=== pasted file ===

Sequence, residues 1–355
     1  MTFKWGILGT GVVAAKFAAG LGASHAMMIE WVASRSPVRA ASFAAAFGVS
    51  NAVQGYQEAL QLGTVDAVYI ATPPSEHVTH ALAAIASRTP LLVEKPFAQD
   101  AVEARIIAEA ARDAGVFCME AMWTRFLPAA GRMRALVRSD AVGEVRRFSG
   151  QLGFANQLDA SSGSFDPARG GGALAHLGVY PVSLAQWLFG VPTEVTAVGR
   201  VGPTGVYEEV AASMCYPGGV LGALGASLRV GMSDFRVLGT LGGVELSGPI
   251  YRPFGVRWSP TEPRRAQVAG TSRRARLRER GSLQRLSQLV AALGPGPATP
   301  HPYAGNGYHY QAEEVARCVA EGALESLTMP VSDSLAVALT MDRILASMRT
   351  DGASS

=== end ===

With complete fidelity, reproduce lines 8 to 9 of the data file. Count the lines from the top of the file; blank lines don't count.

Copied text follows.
   301  HPYAGNGYHY QAEEVARCVA EGALESLTMP VSDSLAVALT MDRILASMRT
   351  DGASS